Featured Articles

TSMC: Volume production of 16nm FinFET in 2H 2015

TSMC: Volume production of 16nm FinFET in 2H 2015

TSMC has announced that it will begin volume production of 16nm FinFET products in the second half of 2015, in late…

More...
AMD misses earnings targets, announces layoffs

AMD misses earnings targets, announces layoffs

AMD has missed earnings targets and is planning a substantial job cuts. The company reported quarterly earnings yesterday and the street is…

More...
Did Google botch the Nexus 6 and Nexus 9?

Did Google botch the Nexus 6 and Nexus 9?

As expected, Google has finally released the eagerly awaited Nexus 6 phablet and its first 64-bit device, the Nexus 9 tablet.

More...
Gainward GTX 970 Phantom previewed

Gainward GTX 970 Phantom previewed

Nvidia has released two new graphics cards based on its latest Maxwell GPU architecture. The Geforce GTX 970 and Geforce GTX…

More...
EVGA GTX 970 SC ACX 2.0 reviewed

EVGA GTX 970 SC ACX 2.0 reviewed

Nvidia has released two new graphics cards based on its latest Maxwell GPU architecture. The Geforce GTX 970 and Geforce GTX…

More...
Frontpage Slideshow | Copyright © 2006-2010 orks, a business unit of Nuevvo Webware Ltd.
Friday, 14 November 2008 11:01

Sprint still chained to Nextel

Written by Nick Farell

Image

$35 billion disaster that will not go away


Sprint is
regretting the ill-advised decision to spend $35 billion to get Nextel Communications in 2005, as it seems to have created more problems than it solved.

The Supreme Court of Illinois has decided that Sprint has to dump its Nextel iDEN network in Sprint affiliate iPCS's territory. It has a year to get rid of the network or shut it down. Sprint had an agreement with iPCS not to operate in its territory, but when it took over the Nextel network in the iPCS territory it was actually breaking the deal.

Now, Sprint must either work out a deal with iPCS or with some other wireless operator in order to continue serving its roughly 500,000 iDEN customers in the iPCS territory. It is the latest in a long line of problems that Sprint's merger with Nextel has caused. The company is desperately trying to flog some of its Nextel network and is still struggling to get its finances back on track.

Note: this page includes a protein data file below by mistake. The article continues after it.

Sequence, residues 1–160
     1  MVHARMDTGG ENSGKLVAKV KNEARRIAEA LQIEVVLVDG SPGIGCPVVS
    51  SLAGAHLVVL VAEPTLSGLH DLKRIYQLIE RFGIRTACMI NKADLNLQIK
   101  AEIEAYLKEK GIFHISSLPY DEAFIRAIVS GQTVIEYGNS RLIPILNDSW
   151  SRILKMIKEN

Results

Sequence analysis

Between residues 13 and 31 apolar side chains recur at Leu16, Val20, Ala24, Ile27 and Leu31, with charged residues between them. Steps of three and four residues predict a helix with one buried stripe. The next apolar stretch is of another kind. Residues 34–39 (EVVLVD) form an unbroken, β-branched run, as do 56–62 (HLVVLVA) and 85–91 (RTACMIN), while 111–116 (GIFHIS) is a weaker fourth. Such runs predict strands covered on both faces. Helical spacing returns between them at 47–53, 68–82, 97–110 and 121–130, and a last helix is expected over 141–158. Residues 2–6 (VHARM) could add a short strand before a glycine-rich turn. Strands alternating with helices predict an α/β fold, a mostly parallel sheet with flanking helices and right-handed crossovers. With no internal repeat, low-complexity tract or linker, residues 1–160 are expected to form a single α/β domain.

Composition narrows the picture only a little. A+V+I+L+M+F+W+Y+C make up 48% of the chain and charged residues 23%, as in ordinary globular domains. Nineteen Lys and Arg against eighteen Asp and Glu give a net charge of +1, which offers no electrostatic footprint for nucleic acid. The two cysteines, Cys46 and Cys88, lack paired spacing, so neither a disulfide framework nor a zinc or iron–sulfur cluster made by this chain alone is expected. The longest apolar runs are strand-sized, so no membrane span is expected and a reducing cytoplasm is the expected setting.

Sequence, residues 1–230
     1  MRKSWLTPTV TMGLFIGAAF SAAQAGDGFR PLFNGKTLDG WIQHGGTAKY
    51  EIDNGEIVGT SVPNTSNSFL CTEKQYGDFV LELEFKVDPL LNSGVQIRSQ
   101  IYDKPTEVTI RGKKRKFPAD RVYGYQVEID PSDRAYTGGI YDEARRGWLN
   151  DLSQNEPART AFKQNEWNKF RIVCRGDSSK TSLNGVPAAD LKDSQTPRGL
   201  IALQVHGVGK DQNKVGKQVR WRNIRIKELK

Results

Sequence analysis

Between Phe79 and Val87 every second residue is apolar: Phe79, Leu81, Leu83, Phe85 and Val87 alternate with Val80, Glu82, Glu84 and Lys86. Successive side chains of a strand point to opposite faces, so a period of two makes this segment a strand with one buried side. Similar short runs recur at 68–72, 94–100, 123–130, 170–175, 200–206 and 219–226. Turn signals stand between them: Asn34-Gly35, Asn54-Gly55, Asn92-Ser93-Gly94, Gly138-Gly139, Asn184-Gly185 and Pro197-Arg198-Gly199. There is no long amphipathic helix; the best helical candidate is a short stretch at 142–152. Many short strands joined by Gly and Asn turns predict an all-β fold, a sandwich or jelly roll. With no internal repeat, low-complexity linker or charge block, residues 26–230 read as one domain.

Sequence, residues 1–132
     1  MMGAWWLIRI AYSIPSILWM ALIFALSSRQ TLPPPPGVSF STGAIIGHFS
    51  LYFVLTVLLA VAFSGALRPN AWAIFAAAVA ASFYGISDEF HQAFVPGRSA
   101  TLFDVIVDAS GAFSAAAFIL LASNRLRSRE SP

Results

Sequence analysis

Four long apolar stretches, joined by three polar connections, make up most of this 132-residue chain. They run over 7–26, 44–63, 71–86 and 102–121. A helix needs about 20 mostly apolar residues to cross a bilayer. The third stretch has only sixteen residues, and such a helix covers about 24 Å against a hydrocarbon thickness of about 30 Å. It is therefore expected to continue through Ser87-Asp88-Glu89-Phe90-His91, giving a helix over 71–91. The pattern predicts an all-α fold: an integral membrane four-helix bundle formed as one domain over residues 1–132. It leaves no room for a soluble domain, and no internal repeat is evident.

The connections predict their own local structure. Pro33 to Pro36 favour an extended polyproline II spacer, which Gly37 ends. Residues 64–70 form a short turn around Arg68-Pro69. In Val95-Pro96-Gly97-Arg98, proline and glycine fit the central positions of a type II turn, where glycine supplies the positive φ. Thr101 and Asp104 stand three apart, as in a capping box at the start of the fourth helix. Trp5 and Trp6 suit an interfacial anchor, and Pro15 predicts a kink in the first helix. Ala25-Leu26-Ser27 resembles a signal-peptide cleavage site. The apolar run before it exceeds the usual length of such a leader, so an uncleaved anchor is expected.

Since the merger the company has been losing customers by the millions and posted a quarterly loss of $326 million. Before the merger it was making a profit of $64 million.  Recently, Sprint hired a new CEO and has begun an aggressive campaign to improve its customer service. Earlier this year, Sprint tried to sell the Nextel business, but the weak economy has made it impossible.

Yesterday, Sprint began offering some employees a volunteer severance package. The buyout only applies to employees who have non-customer facing jobs.

A company spokesman said that Sprint doesn't have a specific goal in terms of how much money it expects to save with the buyout or even how many employees it hopes will take the package. He also said it is just one of many things the company is doing to reduce costs.

Check it out here.
Last modified on Saturday, 15 November 2008 04:36

Nick Farell

E-mail: This e-mail address is being protected from spambots. You need JavaScript enabled to view it
blog comments powered by Disqus

 

Facebook activity

Latest Commented Articles

Recent Comments